Teach yourself how to meditate to beat stress. 

Make time for a mini self-massage

Make time for a mini self-massage
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Maria Hernandez-Reif, PhD, recommends simply massaging the palm of one hand by making a circular motion with the thumb of the other. Or use a massage gadget that allows you to massage hard-to-reach spots on your back.

Learn how to give yourself a face massage.

Say cheese

Say cheese
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Smiling is a two-way mechanism. We do it when we’re relaxed and happy, but doing it can also make us feel relaxed and happy. “Smiling transmits nerve impulses from the facial muscles to the limbic system, a key emotional centre in the brain, tilting the neurochemical balance toward calm,” Dr Cooper explains. Go ahead and grin.

Do some math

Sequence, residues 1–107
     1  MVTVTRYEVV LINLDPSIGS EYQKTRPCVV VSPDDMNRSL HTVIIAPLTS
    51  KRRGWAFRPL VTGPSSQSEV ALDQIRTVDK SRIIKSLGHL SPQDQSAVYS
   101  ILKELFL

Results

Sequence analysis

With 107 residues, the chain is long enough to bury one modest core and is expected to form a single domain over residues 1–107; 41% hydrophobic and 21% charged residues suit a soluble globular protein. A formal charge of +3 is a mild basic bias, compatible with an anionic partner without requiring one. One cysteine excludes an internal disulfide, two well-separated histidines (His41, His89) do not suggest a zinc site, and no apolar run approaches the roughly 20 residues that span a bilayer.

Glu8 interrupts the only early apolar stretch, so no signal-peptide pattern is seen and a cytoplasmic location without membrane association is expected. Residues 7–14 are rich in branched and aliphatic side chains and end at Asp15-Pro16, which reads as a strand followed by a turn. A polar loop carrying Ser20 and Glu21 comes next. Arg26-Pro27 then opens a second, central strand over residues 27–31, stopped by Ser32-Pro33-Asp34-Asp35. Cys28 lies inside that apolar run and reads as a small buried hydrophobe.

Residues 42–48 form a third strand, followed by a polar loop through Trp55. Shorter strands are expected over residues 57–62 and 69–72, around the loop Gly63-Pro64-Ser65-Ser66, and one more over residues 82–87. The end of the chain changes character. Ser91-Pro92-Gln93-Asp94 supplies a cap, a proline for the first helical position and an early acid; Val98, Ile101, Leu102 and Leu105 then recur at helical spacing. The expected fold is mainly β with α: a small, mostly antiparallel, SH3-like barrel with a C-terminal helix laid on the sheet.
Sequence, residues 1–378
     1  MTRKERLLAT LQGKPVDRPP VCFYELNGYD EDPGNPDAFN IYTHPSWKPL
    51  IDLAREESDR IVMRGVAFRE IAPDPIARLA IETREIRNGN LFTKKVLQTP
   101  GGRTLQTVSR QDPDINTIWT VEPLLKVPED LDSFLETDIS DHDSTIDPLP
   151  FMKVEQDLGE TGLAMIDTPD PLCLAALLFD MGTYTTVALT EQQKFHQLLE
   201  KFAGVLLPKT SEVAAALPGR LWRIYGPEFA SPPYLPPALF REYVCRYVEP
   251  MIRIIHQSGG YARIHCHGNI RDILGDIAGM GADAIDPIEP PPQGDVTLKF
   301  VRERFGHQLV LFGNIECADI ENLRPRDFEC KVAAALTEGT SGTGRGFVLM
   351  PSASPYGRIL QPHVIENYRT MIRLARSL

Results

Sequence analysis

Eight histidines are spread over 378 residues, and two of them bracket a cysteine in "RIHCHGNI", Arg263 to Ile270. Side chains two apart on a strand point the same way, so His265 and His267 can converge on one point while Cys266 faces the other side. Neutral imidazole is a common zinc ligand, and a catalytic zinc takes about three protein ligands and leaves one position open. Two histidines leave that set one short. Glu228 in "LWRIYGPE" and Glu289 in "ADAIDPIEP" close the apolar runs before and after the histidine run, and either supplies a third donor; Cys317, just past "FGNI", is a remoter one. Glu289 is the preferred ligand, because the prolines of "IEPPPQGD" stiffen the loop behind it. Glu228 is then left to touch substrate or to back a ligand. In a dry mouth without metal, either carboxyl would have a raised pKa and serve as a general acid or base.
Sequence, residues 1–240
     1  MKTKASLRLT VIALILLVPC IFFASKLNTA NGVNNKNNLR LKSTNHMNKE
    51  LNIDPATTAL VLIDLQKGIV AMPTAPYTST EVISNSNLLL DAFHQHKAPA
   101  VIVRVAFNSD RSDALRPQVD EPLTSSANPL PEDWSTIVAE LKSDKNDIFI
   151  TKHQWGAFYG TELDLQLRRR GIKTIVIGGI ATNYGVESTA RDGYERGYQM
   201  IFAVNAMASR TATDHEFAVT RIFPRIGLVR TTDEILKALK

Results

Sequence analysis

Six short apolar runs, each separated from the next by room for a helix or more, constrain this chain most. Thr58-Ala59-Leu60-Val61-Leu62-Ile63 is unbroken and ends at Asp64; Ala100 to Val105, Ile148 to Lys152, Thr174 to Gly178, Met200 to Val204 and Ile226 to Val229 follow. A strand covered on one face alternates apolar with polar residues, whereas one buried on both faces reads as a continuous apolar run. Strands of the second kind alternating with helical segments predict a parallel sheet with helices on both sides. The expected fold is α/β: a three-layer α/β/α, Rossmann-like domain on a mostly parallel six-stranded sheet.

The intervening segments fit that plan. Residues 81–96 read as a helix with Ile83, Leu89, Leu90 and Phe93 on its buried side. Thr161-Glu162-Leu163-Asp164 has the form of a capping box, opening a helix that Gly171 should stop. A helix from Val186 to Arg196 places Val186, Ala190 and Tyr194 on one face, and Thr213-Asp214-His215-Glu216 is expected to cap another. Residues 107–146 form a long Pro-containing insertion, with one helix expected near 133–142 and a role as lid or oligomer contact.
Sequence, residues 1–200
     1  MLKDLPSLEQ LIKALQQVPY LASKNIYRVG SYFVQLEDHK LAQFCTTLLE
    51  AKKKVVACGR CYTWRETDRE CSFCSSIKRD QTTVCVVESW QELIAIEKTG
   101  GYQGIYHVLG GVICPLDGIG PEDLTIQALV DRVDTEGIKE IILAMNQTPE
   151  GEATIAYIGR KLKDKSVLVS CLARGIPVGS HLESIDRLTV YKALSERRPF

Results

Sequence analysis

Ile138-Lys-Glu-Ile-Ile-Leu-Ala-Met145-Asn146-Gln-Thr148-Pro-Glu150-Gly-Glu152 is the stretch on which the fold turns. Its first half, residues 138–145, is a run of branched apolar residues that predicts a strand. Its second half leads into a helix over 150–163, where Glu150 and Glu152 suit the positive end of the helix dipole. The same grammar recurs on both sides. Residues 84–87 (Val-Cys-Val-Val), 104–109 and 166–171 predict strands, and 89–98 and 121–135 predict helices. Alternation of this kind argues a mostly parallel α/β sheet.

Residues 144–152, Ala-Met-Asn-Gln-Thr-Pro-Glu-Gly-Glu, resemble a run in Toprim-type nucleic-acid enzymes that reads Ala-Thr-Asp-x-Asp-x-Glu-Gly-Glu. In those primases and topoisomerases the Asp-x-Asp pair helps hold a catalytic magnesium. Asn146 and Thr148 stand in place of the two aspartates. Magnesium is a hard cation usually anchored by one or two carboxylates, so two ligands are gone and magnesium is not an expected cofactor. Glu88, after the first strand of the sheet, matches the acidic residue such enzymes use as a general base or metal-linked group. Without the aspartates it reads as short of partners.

Do some math
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Using a scale of one to 10, with one being the equivalent of a minor hassle and 10 being a true catastrophe, assign a number to whatever it is that’s making you feel anxious. “You’ll find that most problems we encounter rate somewhere in the two to five range – in other words, they’re really not such a big deal,” says Dr Elkin.

Speaking of maths, follow these 5 tips to help your kids deal with exam stress. 

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Stop gritting your teeth

Stop gritting your teeth
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Stress tends to settle in certain parts of our bodies, the jaw being one of them. When things get hectic, try this tip from Dr Cooper: Place your index fingertips on your jaw joints, just in front of your ears; clench your teeth and inhale deeply. Hold the breath for a moment, and as you exhale say, “Ah-h-h-h,” then unclench your teeth. Repeat a few times and you’ll be managing stress better in no time.

Compose a mantra

Compose a mantra